Episode 255: February 18, 2013
by Stever Robbins
My pal Bernice is in a quandary. Thanks to her special patented brand of fertilizer, her plant store, Green Growing Things, is growing faster than she ever expected. Now she has an estate! She needs an estate planner, especially because she and Melvin will someday have kids (she hasn’t told him, yet. She doesn’t want to rock the boat until they’re married). But she’s never hired one before. For that matter, she needs a bookkeeper, a lawyer, and a delivery person fast! But how should she choose her team?
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Don’t Judge a Book By its Cover
You think I’m joking? Your mother was right when she told you never to judge a book by its cover. I once watched a procurement office choose one vendor over another because they were better dressed. “They looked more professional,” the procurement officer said. I knew the product involved and it was clear that one team had spent their money on substance, while the other team has spent their money on suits. The suits got the job, and we got screwed, because they were only semi-skilled. If you think business attire connotes anything about competence, just remember that every single mortgage officer who knowingly wrote bad loans in the mid-aughts was wearing a suit. Suits mean nothing. Nothing, nothing, nothing.
Besides, if she judged by clothing, she’d never pick me. I look silly in a suit.
Now let’s do a quick review: What do suits mean?
What you want is competence. That means you want them to know what they’re doing. Gauging competence isn’t easy, since they’re the expert in their field and you aren’t. With some professions, like doctors, they can seem very confident, but you won’t know about their competence until you wake up in a bathtub full of ice, missing a kidney, and they don’t even notice that the stitches aren’t lined up correctly.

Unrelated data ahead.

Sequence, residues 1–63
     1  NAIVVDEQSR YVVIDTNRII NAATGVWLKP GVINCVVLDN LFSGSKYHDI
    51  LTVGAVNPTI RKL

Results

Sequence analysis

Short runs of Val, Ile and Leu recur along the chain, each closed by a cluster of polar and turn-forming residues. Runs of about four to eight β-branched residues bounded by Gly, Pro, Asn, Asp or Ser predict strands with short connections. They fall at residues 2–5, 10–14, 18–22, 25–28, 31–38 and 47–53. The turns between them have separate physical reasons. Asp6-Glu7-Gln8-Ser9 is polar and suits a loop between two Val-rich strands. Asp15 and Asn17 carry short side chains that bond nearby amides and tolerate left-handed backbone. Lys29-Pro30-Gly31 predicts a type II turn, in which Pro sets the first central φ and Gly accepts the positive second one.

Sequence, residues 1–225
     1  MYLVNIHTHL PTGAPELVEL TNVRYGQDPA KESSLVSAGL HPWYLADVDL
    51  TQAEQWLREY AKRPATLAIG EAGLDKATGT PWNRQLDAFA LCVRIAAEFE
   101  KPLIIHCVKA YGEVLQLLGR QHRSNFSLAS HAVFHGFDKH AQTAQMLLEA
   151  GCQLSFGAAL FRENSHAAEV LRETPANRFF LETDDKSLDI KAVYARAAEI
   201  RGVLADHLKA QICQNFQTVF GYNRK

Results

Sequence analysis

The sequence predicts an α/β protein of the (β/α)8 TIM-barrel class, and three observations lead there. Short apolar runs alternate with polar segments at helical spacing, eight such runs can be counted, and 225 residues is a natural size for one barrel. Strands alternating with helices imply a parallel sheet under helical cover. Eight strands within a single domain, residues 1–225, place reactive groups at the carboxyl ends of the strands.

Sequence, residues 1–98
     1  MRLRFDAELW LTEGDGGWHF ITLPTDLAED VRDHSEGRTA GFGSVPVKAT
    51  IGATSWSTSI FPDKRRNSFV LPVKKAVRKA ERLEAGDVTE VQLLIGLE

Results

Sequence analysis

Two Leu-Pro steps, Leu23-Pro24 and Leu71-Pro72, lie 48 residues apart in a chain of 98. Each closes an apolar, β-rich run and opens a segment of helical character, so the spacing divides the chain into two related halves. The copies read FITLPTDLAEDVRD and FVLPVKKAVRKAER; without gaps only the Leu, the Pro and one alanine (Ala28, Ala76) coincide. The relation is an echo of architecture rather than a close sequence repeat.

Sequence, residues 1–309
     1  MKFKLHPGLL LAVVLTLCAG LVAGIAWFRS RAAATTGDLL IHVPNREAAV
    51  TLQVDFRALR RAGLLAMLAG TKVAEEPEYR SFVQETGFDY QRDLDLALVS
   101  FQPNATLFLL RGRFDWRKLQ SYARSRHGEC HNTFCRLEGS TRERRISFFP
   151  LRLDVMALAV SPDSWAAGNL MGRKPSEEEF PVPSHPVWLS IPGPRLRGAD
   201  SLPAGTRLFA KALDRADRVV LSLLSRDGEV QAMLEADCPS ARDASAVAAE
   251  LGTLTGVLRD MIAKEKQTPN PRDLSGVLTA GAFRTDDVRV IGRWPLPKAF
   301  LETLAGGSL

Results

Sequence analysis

One way for Bernice to get an idea of an estate planner’s competence, for instance, is to interview several estate planners. Ask them all open-ended questions and compare the answers. In particular, she can ask open ended questions that will cause them to educate her:
What are the important qualities I should be seeking in an estate planner?
How would I know if someone had them?
Tell me about a time you saved one of your clients from making a big mistake.
The similarities and differences between the three sets of answers will give an idea of who’s the most competent.
As rule of thumb, I listen for the person who makes the most distinctions about their topic area. You ask estate planner #1 how to set up your estate, and he answers, “Pretty much everyone has a will. You should just get that and you’ll be fine.” Number 2 says, “There are wills and there are revocable living trusts. Revocable living trusts let you go through probate faster.” Number 3 says, “There are wills and there are revocable living trusts. Wills are public and require you to go through probate, which can take a long time. Trusts speedily bypass probate, let you control who gets what, and they’re private, so Uncle Sandy doesn’t need to know you left Aunt Sandy the mansion. Plus, trusts are also harder to challenge in court.”
Estate planner number 3 gets my high marks not because I necessarily need a revocable living trust, but because the answer reveals an understanding of the nuances of the different choices.
Knowing the Limits of Their Own Knowledge